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ECB have been buying Irish bonds - Bloomberg (incl interview with Micheal Martin)


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davidcochrane
In a piece about Ireland moments ago on Bloomberg, the US business channel said that sources close to them have told them that the ECB have been buying Irish bonds.

The report said that the cost of insuring Irish debts against sovereign defaults are increasing as investors are increasingly concerned that the cost of saving the Irish banks is too costly.

Bloomberg also reports that investors aren't convinced Ireland can continue without asking the EU for funds.

Micheal Martin, Ireland's Foreign Minister was interviewed in the same segement and told Bloomberg's Margaret Brennan that there will be certainty on Anglo "by the end of the week".

Brennan asked Martin if there will be budget cuts beyond previously stated, Martin reaffirmed the planned "minimum of €3n".

Martin said domestic consumption is not as importance as it is in the USA, that Ireland needs an export-led recovery that will depend on Europe and the United States.

In the interview Martin is asked about political instability affecting economic programmes along with the calls on Brian Cowen to resign and how it's affecting investor confidence, along with questions about Ireland's role in the EU.

[ame="http://www.youtube.com/watch?v=Ccdke19_Df8"]YouTube - Margaret Brennan interivews Irish Foreign Minister Micheal Martin[/ame]
 
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polcol2

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In a piece about Ireland moments ago on Bloomberg, the US business channel said that sources close to them have told them that the ECB have been buying Irish bonds.

The report said that the cost of insuring Irish debts against sovereign defaults are increasing as investors are increasingly concerned that the cost of saving the Irish banks is too costly.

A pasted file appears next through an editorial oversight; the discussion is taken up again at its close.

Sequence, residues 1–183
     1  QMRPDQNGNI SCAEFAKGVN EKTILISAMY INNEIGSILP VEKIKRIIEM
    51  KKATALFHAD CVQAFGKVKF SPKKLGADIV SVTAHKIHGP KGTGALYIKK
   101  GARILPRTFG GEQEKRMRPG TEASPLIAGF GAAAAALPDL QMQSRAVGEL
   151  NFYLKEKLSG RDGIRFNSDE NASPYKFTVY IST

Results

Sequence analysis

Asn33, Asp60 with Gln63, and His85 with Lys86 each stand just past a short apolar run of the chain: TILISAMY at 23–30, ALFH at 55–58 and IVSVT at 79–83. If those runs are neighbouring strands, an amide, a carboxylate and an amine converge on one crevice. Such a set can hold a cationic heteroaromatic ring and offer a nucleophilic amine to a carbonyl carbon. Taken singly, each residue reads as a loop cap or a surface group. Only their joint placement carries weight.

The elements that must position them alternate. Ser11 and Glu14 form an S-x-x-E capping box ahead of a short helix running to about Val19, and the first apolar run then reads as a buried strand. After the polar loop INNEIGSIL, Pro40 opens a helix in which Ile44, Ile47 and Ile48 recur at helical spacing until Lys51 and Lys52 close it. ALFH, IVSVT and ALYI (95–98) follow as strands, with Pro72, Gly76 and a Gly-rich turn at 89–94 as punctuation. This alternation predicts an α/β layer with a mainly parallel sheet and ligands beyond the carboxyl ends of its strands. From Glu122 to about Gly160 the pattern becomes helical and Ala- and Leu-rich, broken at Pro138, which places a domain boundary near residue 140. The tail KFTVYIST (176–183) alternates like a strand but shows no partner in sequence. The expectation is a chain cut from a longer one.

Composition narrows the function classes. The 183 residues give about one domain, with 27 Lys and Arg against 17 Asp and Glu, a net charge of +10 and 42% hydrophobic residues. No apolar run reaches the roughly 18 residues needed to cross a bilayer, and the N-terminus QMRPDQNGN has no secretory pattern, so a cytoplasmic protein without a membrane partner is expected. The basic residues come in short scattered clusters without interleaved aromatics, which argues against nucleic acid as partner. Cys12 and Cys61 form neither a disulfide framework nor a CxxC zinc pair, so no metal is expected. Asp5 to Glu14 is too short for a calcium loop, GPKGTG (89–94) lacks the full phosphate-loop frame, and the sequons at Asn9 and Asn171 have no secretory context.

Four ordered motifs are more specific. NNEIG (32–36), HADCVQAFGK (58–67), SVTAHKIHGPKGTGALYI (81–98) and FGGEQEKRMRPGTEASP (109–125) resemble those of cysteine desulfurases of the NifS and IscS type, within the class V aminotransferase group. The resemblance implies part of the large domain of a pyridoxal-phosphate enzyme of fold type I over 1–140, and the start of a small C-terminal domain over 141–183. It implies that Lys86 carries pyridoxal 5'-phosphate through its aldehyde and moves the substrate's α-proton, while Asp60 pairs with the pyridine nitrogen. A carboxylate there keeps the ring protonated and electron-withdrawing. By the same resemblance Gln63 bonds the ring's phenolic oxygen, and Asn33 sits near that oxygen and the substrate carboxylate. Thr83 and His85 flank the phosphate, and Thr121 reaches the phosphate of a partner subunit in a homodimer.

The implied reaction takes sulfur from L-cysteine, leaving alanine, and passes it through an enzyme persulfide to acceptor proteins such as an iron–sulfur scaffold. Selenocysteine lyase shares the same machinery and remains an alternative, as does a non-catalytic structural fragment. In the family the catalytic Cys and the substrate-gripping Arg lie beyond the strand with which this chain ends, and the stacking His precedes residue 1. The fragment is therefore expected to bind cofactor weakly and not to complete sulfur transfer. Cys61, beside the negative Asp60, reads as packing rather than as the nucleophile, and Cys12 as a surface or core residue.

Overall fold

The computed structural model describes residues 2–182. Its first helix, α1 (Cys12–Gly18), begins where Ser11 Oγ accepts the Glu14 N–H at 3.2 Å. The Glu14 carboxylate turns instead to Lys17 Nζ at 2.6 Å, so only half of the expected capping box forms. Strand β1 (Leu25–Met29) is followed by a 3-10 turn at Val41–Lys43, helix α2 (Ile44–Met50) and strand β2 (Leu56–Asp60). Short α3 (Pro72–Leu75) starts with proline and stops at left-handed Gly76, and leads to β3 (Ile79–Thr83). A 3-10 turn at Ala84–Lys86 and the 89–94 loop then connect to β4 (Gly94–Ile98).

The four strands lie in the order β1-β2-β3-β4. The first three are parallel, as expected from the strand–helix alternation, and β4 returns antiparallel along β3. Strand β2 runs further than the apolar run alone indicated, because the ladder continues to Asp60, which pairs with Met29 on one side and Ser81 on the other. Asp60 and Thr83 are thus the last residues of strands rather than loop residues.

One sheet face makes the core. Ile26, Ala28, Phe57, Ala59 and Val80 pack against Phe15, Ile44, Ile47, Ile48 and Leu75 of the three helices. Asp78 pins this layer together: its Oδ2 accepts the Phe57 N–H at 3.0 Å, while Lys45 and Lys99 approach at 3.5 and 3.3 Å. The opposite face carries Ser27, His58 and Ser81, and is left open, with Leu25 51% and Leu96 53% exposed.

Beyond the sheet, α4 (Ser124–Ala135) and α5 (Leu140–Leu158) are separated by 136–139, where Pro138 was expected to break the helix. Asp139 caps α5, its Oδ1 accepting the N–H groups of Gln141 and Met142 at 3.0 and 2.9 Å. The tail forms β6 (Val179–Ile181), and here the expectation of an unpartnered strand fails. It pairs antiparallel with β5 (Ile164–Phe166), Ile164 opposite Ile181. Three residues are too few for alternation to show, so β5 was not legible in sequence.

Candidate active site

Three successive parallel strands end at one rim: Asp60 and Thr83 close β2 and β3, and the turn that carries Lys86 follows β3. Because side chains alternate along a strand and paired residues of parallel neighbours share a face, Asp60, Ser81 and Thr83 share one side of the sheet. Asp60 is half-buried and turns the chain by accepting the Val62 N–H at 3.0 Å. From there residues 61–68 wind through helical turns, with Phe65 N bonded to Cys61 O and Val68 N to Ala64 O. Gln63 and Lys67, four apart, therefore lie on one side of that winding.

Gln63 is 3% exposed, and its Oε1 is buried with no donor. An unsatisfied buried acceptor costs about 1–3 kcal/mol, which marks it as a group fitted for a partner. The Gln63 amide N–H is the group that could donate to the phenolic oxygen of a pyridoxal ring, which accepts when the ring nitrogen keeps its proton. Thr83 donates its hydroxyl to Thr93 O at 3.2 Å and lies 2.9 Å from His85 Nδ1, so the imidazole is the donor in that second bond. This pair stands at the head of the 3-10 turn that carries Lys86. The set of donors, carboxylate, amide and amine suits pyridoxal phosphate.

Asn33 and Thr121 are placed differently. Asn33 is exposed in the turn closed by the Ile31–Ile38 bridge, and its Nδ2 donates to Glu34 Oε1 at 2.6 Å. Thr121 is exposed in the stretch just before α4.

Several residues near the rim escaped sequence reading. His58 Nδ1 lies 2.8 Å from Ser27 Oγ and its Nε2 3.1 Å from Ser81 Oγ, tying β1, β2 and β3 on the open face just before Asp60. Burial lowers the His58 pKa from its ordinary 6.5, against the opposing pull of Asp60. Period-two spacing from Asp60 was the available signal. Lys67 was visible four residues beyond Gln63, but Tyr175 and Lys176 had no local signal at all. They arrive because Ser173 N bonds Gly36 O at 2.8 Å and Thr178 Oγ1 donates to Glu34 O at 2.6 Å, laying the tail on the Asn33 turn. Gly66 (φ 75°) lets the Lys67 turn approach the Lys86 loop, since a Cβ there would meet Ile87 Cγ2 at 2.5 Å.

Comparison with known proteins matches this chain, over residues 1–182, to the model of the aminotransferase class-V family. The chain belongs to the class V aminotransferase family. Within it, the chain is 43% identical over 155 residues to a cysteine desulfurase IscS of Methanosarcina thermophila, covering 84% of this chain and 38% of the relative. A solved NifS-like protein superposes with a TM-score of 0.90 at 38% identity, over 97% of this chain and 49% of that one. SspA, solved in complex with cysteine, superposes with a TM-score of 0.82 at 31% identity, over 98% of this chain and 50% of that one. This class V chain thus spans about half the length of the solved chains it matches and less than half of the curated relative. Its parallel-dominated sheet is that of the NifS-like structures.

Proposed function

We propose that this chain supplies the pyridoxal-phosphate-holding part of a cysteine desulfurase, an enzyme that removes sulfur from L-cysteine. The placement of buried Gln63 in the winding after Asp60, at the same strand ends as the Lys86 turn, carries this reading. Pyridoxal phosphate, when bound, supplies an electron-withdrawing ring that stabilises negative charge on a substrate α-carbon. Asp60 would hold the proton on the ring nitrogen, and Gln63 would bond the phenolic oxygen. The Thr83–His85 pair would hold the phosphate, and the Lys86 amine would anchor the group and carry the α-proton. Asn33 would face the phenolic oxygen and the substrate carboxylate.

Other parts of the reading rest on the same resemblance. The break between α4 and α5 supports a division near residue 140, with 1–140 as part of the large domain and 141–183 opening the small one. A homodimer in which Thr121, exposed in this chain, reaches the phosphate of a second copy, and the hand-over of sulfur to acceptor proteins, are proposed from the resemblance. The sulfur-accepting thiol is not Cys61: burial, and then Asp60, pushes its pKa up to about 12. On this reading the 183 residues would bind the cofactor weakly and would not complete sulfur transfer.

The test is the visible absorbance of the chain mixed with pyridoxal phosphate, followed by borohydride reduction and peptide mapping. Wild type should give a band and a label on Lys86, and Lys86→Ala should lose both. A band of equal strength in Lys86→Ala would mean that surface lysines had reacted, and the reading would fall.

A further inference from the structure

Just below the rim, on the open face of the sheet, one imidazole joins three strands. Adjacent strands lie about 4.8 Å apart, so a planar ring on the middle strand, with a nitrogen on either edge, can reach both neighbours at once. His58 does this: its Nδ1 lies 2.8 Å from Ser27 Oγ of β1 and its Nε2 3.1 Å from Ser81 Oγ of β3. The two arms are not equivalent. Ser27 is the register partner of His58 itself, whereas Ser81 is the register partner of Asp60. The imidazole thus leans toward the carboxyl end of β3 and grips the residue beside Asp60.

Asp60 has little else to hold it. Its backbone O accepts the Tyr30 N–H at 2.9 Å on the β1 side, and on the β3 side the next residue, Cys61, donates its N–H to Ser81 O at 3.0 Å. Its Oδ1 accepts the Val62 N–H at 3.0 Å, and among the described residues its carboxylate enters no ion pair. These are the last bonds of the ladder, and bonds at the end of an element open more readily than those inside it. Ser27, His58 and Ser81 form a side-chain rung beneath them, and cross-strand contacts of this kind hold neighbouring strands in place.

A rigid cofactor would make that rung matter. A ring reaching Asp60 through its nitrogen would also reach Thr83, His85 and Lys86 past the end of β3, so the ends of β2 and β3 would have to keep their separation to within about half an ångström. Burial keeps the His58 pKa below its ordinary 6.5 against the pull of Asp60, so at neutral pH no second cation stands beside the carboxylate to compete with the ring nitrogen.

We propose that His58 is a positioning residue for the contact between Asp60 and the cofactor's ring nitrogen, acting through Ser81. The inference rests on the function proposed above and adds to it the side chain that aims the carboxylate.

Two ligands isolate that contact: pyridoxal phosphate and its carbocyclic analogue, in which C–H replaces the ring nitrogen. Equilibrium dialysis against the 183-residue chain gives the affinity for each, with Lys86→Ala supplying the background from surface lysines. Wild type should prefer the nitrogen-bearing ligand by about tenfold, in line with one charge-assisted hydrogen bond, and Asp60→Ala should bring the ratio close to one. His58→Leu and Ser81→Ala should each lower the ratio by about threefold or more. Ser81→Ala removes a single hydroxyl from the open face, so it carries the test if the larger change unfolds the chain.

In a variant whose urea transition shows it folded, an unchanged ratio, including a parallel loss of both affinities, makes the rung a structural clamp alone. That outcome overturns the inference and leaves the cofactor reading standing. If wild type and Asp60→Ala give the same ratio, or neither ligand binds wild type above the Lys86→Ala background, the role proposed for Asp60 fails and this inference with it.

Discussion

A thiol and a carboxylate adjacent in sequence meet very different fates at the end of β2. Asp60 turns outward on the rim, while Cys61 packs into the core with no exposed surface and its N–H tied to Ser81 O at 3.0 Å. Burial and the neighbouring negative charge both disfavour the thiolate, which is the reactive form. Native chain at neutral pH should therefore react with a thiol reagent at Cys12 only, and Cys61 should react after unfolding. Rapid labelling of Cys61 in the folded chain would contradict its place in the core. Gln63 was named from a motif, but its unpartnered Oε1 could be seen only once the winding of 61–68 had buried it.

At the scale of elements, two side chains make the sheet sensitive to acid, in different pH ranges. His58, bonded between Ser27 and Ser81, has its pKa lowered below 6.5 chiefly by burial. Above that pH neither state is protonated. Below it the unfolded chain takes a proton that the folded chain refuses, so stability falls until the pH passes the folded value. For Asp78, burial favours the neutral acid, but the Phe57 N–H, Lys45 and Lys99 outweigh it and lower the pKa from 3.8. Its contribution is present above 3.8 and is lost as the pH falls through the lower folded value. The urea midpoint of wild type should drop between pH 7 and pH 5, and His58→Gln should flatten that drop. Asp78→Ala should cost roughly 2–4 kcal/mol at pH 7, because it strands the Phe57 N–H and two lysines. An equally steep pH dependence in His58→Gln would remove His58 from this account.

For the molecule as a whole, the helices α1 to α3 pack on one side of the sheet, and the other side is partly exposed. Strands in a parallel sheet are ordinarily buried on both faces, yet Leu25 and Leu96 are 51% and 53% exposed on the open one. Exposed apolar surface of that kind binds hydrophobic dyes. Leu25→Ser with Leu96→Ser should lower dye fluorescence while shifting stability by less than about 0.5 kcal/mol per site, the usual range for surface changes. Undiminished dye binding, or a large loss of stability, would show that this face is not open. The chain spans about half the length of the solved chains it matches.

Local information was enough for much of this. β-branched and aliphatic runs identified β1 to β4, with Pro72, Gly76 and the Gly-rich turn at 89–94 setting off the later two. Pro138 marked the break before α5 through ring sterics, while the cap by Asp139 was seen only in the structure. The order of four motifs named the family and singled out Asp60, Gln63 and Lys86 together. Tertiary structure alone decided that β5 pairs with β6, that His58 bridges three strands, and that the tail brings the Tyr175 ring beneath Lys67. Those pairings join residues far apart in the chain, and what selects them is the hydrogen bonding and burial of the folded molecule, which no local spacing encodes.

Bloomberg also reports that investors aren't convinced Ireland can continue without asking the EU for funds.

Micheal Martin, Ireland's Foreign Minister was interviewed in the same segement and told Bloomberg's Margaret Brennan that there will be certainty on Anglo "by the end of the week".

Brennan asked Martin if there will be budget cuts beyond previously stated, Martin reaffirmed the planned "minimum of €3n".

Martin said domestic consumption is not as importance as it is in the USA, that Ireland needs an export-led recovery that will depend on Europe and the United States.

In the interview Martin is asked about political instability affecting economic programmes along with the calls on Brian Cowen to resign and how it's affecting investor confidence, along with questions about Ireland's role in the EU.

Video will be viewable here in a moment.
Fair play to you David, this is what I love about politics.ie up to date relevant keep up the fantastic work.
 

ChickenBiryani

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I have seen this said and discussed many times both here and on radio over the last couple of days, but could someone tell me how there will be certainty in relation to Anglo this week???

There will be no certainty in relation to any of our banks or NAMA until every last NPL is closed.

I would be very worried about any proclamations of "certainty" at this stage.

We haven't even got to the credit card and residential default problems yet.
 

TradCat

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Martin said domestic consumption is not as importance as it is in the USA, that Ireland needs an export-led recovery that will depend on Europe and the United States.
Looks like tax hikes then. They don't care about the retail sector. Work, go home, stay in.
 

grafter1

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I have seen this said and discussed many times both here and on radio over the last couple of days, but could someone tell me how there will be certainty in relation to Anglo this week???

There will be no certainty in relation to any of our banks or NAMA until every last NPL is closed.

I would be very worried about any proclamations of "certainty" at this stage.

We haven't even got to the credit card and residential default problems yet.
Absolutely its ridiculous.